Ex-National Fish and Seafood Boss Sentenced for Tax Fraud
The founder and former president of National Fish & Seafood Inc. (NFS), a major frozen seafood processing company based in Gloucester, Massachusetts, was sentenced on April 27 for failing to pay taxes on approximately $2.9 million in income earned from 2006 to 2013 – money which the defendant agreed was fraudulently diverted from NFS.
Senior United States District Court Judge Douglas P. Woodlock sentenced Jack A. Ventola, age 71, to two years in prison and one year of supervised release, and ordered him to pay a $75,000 fine and restitution of $1,073,470 to the Internal Revenue Service. In December of 2017 he pleaded guilty to seven counts of making and subscribing a false tax return.
Ventola was a 40% stakeholder of National Fish & Seafood, which producers a wide line of products for retail and foodservice customers ranging from fish fillets, appetizers and shrimp, to imitation crab; crunchy breaded seafood and fish products, value packs, raw fillet header bags, stuffed clams, breaded flounders and much more.
Founded in 1979, it has operated as a subsidiary of Pacific Andes since the late 1990s, when the Hong Kong-headquartered holding company took a 60% stake in the operation.
National Fish employed the services of a temporary labor company, Continental Labor Team Inc., which Ventola controlled.
In cahoots with three co-conspirators [two National Fish executives and an accountant], Ventola channeled more than $5 million in tax-free money from National Fish, through Continental, into his personal bank accounts, according to the Boston-based US Attorney’s Office for the District of Massachusetts,
One of the co-conspirators is said to have prepared fraudulent invoices for work supposedly done for Continental by IFS, a shell company. Ventola and his collaborators used the fake IFS invoices to obtain payments from Continental, which they deposited into Ventola’s personal bank accounts.
The US Attorney’s Office said that during the later years of the scheme, the money was directed from Continental into an account Ventola controlled in the name of yet another shell company, Nordic Investments. From the various accounts, Ventola paid personal expenses and also wrote checks to his co-conspirators, or to shell companies they controlled.
In addition to this income, Ventola received regular kickback payments from a shrimp repackaging company in Texas that performed services for National Fish, according to the US Attorney’s Office. It added that from 2008-14 Ventola caused those payments, which exceeded $400,000, to be deposited into bank accounts he controlled, but he did not report that income on his tax returns.
US Attorney Andrew E. Lelling and Kristina O’Connell, special agent in charge of the Internal Revenue Service’s Criminal Investigations in Boston, made the sentencing announcement. Assistant US Attorneys Stephen E. Frank, chief of Lelling’s economic crimes unit, and Brian A. Pérez-Daple, a member of the criminal division, prosecuted the case.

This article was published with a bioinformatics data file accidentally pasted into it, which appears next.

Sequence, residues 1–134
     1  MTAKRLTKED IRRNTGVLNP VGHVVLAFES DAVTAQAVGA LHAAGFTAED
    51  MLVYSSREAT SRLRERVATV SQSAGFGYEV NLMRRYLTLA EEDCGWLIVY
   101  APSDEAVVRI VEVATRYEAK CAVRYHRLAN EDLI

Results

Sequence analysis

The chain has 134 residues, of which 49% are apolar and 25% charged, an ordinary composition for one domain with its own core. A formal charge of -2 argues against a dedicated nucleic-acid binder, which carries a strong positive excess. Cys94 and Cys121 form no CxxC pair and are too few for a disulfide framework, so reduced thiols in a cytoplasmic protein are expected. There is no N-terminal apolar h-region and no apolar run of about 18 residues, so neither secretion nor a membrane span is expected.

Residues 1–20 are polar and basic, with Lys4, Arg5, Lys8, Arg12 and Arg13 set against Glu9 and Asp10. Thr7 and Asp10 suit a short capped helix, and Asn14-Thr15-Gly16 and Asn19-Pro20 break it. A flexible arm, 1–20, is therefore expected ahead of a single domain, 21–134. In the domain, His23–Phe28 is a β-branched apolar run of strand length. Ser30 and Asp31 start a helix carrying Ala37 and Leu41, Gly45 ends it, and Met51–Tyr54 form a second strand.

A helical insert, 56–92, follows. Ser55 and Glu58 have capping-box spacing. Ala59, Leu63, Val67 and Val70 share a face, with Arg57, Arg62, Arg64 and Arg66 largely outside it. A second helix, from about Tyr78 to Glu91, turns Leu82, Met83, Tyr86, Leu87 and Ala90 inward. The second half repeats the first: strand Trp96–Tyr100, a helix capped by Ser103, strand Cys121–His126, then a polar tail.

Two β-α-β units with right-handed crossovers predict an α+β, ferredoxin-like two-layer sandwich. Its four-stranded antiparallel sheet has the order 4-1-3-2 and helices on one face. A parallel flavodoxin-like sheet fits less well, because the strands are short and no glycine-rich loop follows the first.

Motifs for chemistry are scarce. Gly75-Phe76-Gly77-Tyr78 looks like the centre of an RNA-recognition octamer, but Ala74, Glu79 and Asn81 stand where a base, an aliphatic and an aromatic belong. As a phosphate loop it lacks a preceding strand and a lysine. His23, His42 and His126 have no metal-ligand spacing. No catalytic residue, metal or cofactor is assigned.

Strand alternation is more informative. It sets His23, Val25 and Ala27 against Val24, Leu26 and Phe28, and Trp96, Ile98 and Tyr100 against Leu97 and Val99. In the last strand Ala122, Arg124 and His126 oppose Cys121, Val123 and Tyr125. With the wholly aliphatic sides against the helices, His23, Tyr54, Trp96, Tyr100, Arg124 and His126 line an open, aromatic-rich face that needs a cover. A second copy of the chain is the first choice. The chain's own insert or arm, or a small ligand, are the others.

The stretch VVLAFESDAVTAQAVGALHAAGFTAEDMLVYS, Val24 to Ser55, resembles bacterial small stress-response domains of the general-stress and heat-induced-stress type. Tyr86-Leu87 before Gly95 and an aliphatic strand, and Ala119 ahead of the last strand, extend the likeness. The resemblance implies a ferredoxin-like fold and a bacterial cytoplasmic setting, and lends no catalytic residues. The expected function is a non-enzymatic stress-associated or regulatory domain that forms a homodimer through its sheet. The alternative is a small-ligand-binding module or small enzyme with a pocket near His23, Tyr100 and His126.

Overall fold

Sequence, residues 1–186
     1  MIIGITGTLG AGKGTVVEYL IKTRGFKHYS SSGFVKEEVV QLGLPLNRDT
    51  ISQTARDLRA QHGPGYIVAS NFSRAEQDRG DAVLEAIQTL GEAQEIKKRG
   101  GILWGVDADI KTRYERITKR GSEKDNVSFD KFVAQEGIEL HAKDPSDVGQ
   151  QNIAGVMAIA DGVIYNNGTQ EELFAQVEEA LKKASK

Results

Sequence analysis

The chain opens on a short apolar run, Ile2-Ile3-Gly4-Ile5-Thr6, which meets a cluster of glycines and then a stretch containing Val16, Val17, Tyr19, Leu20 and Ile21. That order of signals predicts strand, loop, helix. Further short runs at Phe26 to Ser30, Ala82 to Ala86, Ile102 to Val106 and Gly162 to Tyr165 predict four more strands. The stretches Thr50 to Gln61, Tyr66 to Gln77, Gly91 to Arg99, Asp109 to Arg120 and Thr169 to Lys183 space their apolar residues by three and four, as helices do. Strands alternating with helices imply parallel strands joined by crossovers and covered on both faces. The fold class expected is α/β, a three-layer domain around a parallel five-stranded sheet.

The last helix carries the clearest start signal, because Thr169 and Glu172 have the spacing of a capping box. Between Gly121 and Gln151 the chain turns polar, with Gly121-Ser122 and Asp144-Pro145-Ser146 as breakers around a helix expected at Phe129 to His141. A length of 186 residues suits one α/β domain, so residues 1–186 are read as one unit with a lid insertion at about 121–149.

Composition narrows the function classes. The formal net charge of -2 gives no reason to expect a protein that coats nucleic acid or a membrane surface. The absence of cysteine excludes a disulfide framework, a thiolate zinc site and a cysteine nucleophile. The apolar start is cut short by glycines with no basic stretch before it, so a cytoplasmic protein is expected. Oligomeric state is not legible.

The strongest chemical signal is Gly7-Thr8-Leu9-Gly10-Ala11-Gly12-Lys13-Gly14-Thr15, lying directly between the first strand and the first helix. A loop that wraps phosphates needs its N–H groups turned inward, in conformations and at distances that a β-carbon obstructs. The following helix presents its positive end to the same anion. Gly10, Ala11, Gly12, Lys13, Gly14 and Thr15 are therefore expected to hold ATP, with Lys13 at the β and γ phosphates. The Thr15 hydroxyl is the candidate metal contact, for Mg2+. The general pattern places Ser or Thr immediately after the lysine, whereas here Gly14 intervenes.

What Now for NFS?
The prison term was handed down despite pleas for leniency made by a number of parties, including a leading executive from the company that Ventola admitted to defrauding.
“The alternative sentence of incarceration, depriving NFS of Mr. Ventola’s day-to-day leadership, would likely cause the demise of NFS,” said defense attorney Derrelle M. Janey. “This view is held not only by employees, but by the majority shareholder, Pacific Andes International Holdings, which has submitted a letter to the court pleading for Mr. Ventola’s continued ability to work for the company.”
He added that neither NFS nor Pacific Andes have outstanding issues with Ventola, as he has promised fully repay money owed to the company.
In a letter presented to the court, Jessie Ng, managing director and executive director of Pacific Andes, wrote that Ventola “singularly possesses the experience, knowledge, and employee leadership required for NFS’ survival. Jack’s continued employment as a senior executive of National Fish is, in my opinion, essential to our efforts to turn that company around. Furthermore, without Jack’s presence at such a critical juncture, I am deeply concerned about the future of National Fish. The very livelihood of the many employees at National Fish is dependent on the future of National Fish being secured.”
Assistant US Attorney Pérez-Daple’s thinking on the matter was expressed as follows: "Pacific Andes’ plea for leniency is, on its face, motivated by a desire to protect its investment in National Fish...The government is sympathetic and understands that collateral consequences sometimes appropriately factor into a court’s sentencing determination (though the court need not accept Ng’s projections about those consequences; National Fish could yet be acquired by another company, as it was by Pacific Andes in the 1990s). But it is tax fraud, and the appropriate sentence for that crime, that is before the court, not the viability of Pacific Andes’s investment in National Fish. While the potential collateral consequences to Pacific Andes may be relevant to the court’s determination, they should not be given undue weight."
Judge Woodlock apparently agreed with the prosecutor has he pronounced the prison sentence.